Financial Education Series Financial Education Series

Tips to improve your credit score

Fixing your credit score can’t be done overnight and will take time and patience. 

Before thinking how you can boost your credit score, you need to understand your credit rating and what affects your score. Then simply follow these steps and watch your score improve!

1. Always make payments on time

All the effort to improve your credit will mean nothing if you pay late. Why? Payment history is the single biggest factor that affects your credit score, and late payments can stay on your credit reports for 7 years. The easiest way to avoid them is to schedule automatic withdrawals in line with your salary. 

2. Space out your credit applications

Lending agencies view multiple recent applications as a sign of financial distress. They raise red flags about your ability to make future payments. It doesn’t matter what form of credit you apply for, or how much you want to borrow, each application will record a hard enquiry on your report.

Waiting about six months between applications is a good rule of thumb and can increase your chances of approval. 

3. Review your credit reports

Check your credit report for errors that could damage your score and dispute any you spot so they can be corrected or removed from your file. 

Be aware that a credit provider is entitled by law to obtain a credit report even though a loan may not be approved or provided. The record of the credit enquiry will be listed on your credit file. This is not an error. 

4. Pay attention to credit utilisation

The fact that you have access to a certain amount of money doesn’t necessarily mean that you should use it all. A good credit utilisation rate never exceeds 30%. So, if you have a credit limit of $5,000, try not to use more than $1,500. But if you do – make sure you pay it back as quickly as possible.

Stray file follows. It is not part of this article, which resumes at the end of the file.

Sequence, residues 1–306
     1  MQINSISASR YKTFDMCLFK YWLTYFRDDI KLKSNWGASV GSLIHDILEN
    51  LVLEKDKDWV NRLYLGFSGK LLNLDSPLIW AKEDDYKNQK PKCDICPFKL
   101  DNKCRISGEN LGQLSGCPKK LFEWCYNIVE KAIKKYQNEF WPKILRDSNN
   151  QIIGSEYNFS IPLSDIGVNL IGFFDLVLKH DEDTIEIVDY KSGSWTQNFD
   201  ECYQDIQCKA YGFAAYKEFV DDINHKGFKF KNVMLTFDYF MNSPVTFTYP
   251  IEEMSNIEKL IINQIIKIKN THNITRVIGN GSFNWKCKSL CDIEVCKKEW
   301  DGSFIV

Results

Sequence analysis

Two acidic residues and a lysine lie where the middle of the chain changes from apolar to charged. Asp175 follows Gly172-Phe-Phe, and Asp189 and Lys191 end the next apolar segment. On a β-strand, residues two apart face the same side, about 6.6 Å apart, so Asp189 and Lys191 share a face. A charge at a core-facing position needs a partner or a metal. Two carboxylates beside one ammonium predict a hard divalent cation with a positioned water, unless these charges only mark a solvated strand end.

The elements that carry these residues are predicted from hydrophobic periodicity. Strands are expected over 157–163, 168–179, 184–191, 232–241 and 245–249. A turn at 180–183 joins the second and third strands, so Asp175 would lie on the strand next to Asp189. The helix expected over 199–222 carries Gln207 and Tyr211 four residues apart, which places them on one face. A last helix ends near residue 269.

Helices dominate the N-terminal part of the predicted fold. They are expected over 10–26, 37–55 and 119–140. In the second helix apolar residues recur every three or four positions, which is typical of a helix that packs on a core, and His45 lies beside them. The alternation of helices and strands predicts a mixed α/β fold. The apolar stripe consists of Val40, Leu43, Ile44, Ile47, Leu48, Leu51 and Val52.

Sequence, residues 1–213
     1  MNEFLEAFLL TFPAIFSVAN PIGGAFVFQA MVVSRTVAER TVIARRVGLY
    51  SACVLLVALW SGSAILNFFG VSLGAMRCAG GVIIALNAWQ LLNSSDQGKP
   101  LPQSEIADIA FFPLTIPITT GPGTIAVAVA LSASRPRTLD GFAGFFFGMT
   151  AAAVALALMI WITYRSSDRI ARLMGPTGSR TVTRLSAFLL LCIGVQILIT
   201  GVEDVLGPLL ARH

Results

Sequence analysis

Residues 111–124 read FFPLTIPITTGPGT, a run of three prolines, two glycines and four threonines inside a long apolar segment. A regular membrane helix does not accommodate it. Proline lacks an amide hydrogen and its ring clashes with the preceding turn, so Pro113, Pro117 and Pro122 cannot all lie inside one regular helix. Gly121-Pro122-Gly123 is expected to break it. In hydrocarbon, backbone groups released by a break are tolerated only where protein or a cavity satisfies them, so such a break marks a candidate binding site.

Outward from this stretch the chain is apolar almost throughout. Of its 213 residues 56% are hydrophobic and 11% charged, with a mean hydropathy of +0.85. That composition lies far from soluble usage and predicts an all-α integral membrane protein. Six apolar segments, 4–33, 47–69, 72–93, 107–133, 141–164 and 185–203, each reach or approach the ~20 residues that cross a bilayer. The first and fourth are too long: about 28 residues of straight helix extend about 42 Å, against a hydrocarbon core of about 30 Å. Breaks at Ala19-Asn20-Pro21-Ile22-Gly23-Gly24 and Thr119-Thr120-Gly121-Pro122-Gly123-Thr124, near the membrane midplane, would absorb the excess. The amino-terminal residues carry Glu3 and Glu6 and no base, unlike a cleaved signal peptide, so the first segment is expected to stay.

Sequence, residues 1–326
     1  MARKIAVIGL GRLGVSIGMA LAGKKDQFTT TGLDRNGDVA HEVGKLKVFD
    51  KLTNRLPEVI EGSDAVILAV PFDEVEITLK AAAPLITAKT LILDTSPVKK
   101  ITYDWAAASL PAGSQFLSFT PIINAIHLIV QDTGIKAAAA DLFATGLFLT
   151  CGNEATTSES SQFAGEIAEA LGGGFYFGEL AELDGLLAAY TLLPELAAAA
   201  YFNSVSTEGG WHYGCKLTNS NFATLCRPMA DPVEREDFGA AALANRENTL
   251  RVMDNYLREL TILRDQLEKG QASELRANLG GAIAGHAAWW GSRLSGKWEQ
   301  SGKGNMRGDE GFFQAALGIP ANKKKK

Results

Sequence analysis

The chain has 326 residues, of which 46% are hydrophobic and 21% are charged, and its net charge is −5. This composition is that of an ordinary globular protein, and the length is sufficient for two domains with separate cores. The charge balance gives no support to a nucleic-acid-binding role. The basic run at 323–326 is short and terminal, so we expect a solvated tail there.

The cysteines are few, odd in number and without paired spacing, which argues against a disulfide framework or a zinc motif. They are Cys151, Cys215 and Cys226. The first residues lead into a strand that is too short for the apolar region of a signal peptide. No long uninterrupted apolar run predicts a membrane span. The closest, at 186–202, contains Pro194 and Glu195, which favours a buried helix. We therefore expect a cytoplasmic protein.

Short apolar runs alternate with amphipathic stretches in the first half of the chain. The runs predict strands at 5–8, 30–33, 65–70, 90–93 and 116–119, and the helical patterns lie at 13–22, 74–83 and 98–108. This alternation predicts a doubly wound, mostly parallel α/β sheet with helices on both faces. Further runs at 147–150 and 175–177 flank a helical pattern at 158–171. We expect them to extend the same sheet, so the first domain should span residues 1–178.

5. Diversify your accounts

While you should only borrow money when absolutely necessary, having a variety of credit accounts can demonstrate you can manage credit responsibly. Your credit mix (credit cards, home loans, auto loans etc.) counts for 10% of your credit score. Adding another element to the current mix helps your score, as long as you make on-time payments.

6. Be aware of your financial situation

Doing a financial wellness check can help you determine what adjustments you need to make in your life. Start budgeting and take control of your spending and borrowing habits.

Improving your credit score is a long-term process, but it’s a great goal to have. Especially if you’re planning to apply for a loan to make a big purchase such as a new car or home. The sooner you begin working to improve your credit, the sooner you will see results! Sticking to the above suggestions could make all the difference. Good luck!